How To Connect To Your Raspberry Pi’s Graphical Desktop From Windows 10

Here I’m going to show you how to easily connect to your Raspberry Pi over the network from your Windows 10 machine.[1]

This is going to be accomplished with the Remote Desktop Protocol (RDP).

This will allow you to quickly and conveniently access the Raspberry Pi’s graphical desktop without having to disconnect and move any of your cables (USB, HDMI, etc.) around.

A real pain in the butt!

Then you can easily experiment and test all of the open source software that the Raspberry Pi platform has to offer:

Here are a few quick examples:

1.) LibreOffice

Opensource Alternative to Microsoft Office

2.) Programming In Python For Beginners

Any Linux platform is going to come with amazing programming IDEs for dozens of popular programming languages: C, C++, Ruby, Python, Perl, you name it!

Raspberry Pi has one in particular for Python beginners.

Thonny Python IDE (to name just one of dozens)

3.) Raspberry Pi Documentation

If you want to go down the Raspberry Pi and/or Debian rabbit hole, you can access all of their References, Guides, and Help files:


Raspberry Pi OS Commands

To get this RDP solution implemented, we will need to:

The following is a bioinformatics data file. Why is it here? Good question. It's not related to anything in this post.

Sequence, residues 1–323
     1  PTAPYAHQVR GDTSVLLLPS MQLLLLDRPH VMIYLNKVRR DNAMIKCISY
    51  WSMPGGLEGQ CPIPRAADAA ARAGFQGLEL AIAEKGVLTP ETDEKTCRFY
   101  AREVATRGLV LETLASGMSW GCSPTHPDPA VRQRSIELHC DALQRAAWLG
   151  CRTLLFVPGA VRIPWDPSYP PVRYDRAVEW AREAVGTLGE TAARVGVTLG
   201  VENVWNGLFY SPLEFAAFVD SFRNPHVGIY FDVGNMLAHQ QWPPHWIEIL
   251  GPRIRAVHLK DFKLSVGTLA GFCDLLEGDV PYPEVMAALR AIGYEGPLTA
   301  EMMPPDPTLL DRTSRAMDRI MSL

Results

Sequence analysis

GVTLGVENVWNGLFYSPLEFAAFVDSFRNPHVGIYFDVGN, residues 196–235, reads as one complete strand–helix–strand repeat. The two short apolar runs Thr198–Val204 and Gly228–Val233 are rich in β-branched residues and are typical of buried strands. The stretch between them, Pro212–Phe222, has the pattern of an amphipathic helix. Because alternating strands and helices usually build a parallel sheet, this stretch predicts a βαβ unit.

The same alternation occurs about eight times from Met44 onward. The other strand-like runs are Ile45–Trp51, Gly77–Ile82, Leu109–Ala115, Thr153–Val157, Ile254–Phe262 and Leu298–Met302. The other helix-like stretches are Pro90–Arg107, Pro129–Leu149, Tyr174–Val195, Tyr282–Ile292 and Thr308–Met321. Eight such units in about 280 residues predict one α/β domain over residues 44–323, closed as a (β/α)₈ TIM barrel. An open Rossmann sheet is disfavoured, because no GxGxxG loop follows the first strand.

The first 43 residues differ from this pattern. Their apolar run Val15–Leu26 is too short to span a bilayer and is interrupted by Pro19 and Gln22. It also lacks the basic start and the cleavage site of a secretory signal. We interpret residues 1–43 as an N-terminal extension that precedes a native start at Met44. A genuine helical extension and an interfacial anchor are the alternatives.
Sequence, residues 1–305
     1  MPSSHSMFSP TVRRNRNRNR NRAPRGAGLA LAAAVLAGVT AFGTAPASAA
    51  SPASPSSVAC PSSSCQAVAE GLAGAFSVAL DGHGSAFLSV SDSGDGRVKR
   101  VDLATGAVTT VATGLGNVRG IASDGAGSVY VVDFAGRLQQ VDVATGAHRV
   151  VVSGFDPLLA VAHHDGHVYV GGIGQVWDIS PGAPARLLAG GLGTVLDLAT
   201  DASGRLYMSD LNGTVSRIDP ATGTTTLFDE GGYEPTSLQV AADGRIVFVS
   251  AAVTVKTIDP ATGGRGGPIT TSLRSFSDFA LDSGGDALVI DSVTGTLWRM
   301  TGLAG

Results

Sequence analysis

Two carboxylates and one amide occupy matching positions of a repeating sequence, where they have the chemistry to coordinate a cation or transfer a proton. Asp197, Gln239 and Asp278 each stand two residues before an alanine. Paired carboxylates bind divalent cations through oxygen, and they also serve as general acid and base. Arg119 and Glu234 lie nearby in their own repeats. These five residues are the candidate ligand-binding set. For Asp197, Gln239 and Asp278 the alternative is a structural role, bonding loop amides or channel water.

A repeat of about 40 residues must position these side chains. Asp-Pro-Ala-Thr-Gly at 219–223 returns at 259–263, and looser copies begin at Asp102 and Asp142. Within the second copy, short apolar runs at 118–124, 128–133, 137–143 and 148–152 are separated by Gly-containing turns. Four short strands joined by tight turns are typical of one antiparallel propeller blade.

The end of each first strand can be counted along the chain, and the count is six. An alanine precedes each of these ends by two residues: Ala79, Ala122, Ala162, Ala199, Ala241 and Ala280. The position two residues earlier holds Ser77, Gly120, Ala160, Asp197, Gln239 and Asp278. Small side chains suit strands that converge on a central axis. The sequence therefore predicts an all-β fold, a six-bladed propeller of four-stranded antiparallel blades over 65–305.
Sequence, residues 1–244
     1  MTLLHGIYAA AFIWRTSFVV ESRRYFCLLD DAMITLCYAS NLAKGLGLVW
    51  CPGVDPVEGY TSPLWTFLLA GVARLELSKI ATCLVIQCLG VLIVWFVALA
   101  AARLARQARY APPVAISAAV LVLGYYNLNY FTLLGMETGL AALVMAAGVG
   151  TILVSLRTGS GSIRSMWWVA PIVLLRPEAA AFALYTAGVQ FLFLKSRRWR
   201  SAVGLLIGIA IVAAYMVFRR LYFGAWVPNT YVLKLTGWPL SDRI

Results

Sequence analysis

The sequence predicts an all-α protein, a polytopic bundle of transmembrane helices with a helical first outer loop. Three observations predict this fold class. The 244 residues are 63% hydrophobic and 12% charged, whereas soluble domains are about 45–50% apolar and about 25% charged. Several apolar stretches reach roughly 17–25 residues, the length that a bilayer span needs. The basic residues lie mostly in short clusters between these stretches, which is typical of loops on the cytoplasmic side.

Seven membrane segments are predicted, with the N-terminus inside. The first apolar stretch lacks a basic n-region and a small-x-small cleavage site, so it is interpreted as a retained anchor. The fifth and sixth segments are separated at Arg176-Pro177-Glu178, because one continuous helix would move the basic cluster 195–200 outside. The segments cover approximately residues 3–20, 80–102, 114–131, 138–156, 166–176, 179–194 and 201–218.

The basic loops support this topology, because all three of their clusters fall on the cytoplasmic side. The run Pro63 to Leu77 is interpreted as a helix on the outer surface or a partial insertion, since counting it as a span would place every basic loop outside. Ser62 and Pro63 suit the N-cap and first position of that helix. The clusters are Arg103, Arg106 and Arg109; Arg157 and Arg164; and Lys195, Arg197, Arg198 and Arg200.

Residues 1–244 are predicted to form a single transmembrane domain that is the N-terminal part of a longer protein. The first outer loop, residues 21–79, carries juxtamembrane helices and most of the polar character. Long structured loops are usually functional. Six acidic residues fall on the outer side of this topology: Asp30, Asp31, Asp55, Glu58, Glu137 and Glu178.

1. Install the latest Raspberry Pi OS updates (as a Best Practice)
  2. Install the open source version of RDP onto your Raspberry Pi: Xrdp
sudo apt-get update #update list of available updates
sudo apt-get upgrade #actually installs latest software versions
sudo apt-get install xrdp #installs XRDP onto Raspberry Pi

“RDP” to your Raspberry Pi

From your Windows 10 machine, type mstsc into your search bar and select Remote Desktop Connection

Enter your Raspberry Pi’s IP Address and click Connect

Click Yes if you see the following warning:

Enter the username and password of a valid Raspberry Pi account.

The one you use to Putty with should work.

Then you will be presented with the Raspberry Pi’s graphical desktop:

HAVE FUN EXPLORING!!


[1]Curated from the following website: https://pimylifeup.com/raspberry-pi-remote-desktop

How to Enable Linux on Windows 10 (for FREE)

If your goal is to learn Linux and all you have is a Windows 10 machine, this post is for you.

You have to enable a feature called Windows Subsystem for Linux (WSL).

As of writing this article, there is the new and improved WSL 2, but I will only cover WSL 1 in this post.

WSL 1 is simpler to enable, supported on more Windows 10 versions, and is perfect for getting you started with Linux ASAP.